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Bradbury Speaks: Too Soon from the Cave, Too Far from the Stars
Bradbury Speaks: Too Soon from the Cave, Too Far from the Stars (Paperback)
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He is an American treasure, a clear-eyed fantasist without peer, and a literary icon who has created wonder for the better part of seven decades. On subjects as diverse as fiction, the future, film, famous personalities, and more, Ray Bradbury has much to say, as only he can say it.
Collected between these covers are memories, ruminations, opinions, prophecies, and philosophies from one of the most influential and admired writers of our time. As unique, unabashed, and irrepressible as the artist himself, here is an intimate portrait, painted with the master's own words, of the one and only Ray Bradbury—far more revealing than any mere memoir, for it opens windows not only into his life and work but also into his mind and heart.
About the Author
In a career spanning more than seventy years, Ray Bradbury, who died on June 5, 2011 at the age of 91, inspired generations of readers to dream, think, and create. A prolific author of hundreds of short stories and close to fifty books, as well as numerous poems, essays, operas, plays, teleplays, and screenplays, Bradbury was one of the most celebrated writers of our time. His groundbreaking works include Fahrenheit 451, The Martian Chronicles, The Illustrated Man, Dandelion Wine, and Something Wicked This Way Comes. He wrote the screen play for John Huston's classic film adaptation of Moby Dick, and was nominated for an Academy Award. He adapted sixty-five of his stories for television's The Ray Bradbury Theater, and won an Emmy for his teleplay of The Halloween Tree. He was the recipient of the 2000 National Book Foundation Medal for Distinguished Contribution to American Letters, the 2004 National Medal of Arts, and the 2007 Pulitzer Prize Special Citation, among many honors.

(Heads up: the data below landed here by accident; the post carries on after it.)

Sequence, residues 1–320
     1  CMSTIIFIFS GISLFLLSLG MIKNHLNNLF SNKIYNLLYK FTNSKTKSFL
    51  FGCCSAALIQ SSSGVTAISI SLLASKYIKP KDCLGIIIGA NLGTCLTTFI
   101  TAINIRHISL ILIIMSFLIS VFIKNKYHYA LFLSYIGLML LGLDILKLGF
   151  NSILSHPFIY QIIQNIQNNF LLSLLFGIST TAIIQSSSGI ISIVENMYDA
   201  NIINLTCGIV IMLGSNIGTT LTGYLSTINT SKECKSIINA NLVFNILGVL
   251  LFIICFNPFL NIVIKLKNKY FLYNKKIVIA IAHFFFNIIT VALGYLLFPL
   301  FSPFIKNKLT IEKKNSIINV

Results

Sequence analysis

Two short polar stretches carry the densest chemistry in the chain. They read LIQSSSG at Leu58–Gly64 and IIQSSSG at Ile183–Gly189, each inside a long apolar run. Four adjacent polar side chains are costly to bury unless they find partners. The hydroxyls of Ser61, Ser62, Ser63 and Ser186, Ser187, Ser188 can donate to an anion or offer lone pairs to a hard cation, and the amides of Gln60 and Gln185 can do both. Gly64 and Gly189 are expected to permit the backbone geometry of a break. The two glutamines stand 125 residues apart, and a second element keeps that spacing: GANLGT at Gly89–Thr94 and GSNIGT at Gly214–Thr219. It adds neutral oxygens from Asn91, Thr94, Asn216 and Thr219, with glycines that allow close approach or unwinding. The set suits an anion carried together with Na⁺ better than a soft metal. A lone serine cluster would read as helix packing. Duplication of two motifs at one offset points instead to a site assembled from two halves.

Throughout his life, Bradbury liked to recount the story of meeting a carnival magician, Mr. Electrico, in 1932. At the end of his performance Electrico reached out to the twelve-year-old Bradbury, touched the boy with his sword, and commanded, "Live forever!" Bradbury later said, "I decided that was the greatest idea I had ever heard. I started writing every day. I never stopped."
Praise for Bradbury Speaks: Too Soon from the Cave, Too Far from the Stars…
“Mr. Bradbury brings immense satisfaction . . . These pieces will prove more than rewarding.”
“Both insightful and playful . . . When Bradbury speaks, we should listen.”
“Wonderful . . .This book is vintage Bradbury.